My non-verbal 4 year-old has just been diagnosed on the spectrum and has been in early intervention programs and speech therapy since she was 2. It seems like she has been on the verge of of communicating vrbally for the last year, she says words here and there, just not consistently. We have been advised to get her in an ABA program, but our insurance won’t cover it. What other resources do you suggest to get our little girl consistently communicating?

1:33
Hi Tiffany, Your local school is obligated to provide preschool programming for your child, so be sure to take advantage of that. You can also use strategies at home. Lynn Koegal’s book “Overcoming Autism” describes many strategies for promoting speech and language that parents can use at home. The fact that your daughter is saying words here and there is a very positive sign. Be sure to imitate those words and reinforce them by responding to them.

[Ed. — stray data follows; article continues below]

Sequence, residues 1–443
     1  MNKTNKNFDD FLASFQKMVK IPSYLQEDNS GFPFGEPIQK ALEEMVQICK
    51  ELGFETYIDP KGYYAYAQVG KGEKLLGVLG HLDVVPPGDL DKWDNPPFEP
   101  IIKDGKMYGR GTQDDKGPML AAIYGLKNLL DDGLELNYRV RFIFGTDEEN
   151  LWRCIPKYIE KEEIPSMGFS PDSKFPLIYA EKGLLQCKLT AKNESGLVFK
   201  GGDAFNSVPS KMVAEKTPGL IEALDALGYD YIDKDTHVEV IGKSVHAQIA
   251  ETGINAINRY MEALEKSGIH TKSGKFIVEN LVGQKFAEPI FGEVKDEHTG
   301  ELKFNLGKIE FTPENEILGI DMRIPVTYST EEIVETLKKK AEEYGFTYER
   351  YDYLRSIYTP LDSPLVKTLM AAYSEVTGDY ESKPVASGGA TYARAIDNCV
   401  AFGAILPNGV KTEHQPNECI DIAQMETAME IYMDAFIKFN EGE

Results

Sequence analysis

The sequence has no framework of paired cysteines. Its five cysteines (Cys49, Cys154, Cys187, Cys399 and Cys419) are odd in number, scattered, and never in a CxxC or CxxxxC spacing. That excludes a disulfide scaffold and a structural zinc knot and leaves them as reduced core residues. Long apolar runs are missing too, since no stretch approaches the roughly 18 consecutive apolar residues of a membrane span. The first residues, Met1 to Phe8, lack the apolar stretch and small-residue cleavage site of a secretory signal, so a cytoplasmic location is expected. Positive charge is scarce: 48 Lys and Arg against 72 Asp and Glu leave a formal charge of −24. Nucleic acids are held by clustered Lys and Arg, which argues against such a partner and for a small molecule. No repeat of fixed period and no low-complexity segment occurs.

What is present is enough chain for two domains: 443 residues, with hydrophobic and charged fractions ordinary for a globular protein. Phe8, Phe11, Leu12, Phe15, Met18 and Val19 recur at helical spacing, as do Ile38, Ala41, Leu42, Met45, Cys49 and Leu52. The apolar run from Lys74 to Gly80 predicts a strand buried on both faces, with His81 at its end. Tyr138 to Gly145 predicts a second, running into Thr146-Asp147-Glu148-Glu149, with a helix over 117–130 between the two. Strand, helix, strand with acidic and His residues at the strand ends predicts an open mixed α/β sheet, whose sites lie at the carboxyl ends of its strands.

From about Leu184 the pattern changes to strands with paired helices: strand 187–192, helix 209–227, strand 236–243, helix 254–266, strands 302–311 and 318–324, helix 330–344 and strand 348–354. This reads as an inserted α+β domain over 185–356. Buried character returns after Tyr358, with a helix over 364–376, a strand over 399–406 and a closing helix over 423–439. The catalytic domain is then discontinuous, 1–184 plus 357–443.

1:35
Dear everyone, I am sorry that the hour is over and went so quickly. I wish I had more time to respond to each one of your questions. Please visit Autism Speaks’ website, especially the Family Services section, to find many resources and tool kits for families. I will be holding another chat in the future so I hope we will have a chance to communicate again. Best wishes, Dr. Dawson
1:36
Transcript coming on our science blog:http://blog.autismspeaks.org/category/science/

The Emerging Neuroscience of Autism: an Opportunity to Learn and to Share

November 22, 2010 9 comments

Autism is a complex disorder.  Answers will be found by taking multi-disciplinary approaches. A broad vision of autism spectrum disorder (ASD) considers how the brain develops and affects cognition, what treatments work for core symptoms, and how ASD changes over the lifespan. However, opportunities for scientists to appreciate the broad vision and diversity of approaches are unfortunately few.